How are tuples immutable?

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How are tuples immutable?

I devised the following to try and get my head around it.

Code: Select all
`fruits = ("banana",           "apple",           "pear",           "mango")print(fruits)veg = ("potato",       "carrot",       "sweetcorn")print(veg)fruits += vegprint(fruits)print(veg)`

What I don't understand is, what happens to the original tuple if it is unchanged? Fruits had four items, now it has seven. Where has the tuple with four items gone if they can't be changed? Is a third tuple created from the first two? Pretty confused with it. I've read a number of explanations but none explain this so any extra input is appreciated, thanks.
sc25893

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Re: How are tuples immutable?

If you know C or some other low-level language, this should enlighten you
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`>>> one = ('one',)>>> copy_one = one>>> copy_one is oneTrue>>> id(copy_one), id(one)(140464556744528, 140464556744528)>>> >>> two = ('two',)>>> one += two>>> copy_one is oneFalse>>> id(one)140464556824984`

The original tuple, assuming you don't have another reference as I do above, gets garbage collected.

Honestly though, kudos for wanting to know, but my advice would be to go learn C, then come back to this question, if you're still not sure.
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micseydel

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Re: How are tuples immutable?

tuples are immutable but not permanent or static. They are still dynamic.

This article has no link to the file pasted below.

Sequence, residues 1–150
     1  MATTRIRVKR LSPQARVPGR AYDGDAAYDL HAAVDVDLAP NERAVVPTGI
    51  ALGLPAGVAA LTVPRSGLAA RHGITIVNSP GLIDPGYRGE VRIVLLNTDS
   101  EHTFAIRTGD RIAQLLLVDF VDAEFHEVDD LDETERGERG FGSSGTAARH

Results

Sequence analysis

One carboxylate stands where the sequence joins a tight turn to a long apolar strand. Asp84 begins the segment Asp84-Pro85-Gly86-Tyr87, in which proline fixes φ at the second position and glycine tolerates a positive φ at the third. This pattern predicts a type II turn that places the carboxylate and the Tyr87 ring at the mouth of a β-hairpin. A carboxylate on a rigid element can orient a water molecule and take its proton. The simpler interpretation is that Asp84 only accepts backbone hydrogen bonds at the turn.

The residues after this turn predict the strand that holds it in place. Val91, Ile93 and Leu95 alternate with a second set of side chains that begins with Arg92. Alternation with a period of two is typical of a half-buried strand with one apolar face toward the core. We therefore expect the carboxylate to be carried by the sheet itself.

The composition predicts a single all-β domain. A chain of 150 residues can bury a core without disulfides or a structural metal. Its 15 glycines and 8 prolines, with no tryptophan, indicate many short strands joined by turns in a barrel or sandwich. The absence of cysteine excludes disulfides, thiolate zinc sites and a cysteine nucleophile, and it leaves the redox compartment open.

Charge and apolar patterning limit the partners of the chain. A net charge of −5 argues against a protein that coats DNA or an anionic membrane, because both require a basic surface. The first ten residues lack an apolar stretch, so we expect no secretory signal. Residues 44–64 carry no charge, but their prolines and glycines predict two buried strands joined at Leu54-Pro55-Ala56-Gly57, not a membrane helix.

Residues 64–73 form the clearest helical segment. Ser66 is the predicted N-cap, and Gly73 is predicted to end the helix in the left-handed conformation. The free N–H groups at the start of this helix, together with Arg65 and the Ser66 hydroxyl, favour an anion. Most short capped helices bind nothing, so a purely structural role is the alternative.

python handle variables by pointing them to the data.

Code: Select all
`from __future__ import print_functionfruits = ("banana",           "apple",           "pear",           "mango")def print_fruits(fruit=fruits):    for f in fruit:        print(f)    print()veg = ("potato",       "carrot",       "sweetcorn")# here you dereference fruits data and create a new tuple.# if there no reference left. It destory the original.fruits += veg print_fruits() print_fruits(fruits)`
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DrakeMagi

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Re: How are tuples immutable?

Thanks everyone for the replies, great explanations and crystal clear.
sc25893

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Joined: Sat May 18, 2013 2:51 pm

Re: How are tuples immutable?

DrakeMagi wrote:tuples are immutable but not permanent or static. They are still dynamic.
python handle variables by pointing them to the data.

Code: Select all
`from __future__ import print_functionfruits = ("banana",           "apple",           "pear",           "mango")def print_fruits(fruit=fruits):    for f in fruit:        print(f)    print()veg = ("potato",       "carrot",       "sweetcorn")# here you dereference fruits data and create a new tuple.# if there no reference left. It destory the original.fruits += veg print_fruits() print_fruits(fruits)`

In that case, what does "immutable" even mean?
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XndrK

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Re: How are tuples immutable?

An object with a fixed value. Immutable objects include numbers, strings and tuples. Such an object cannot be altered. A new object has to be created if a different value has to be stored. They play an important role in places where a constant hash value is needed, for example as a key in a dictionary.
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Yoriz

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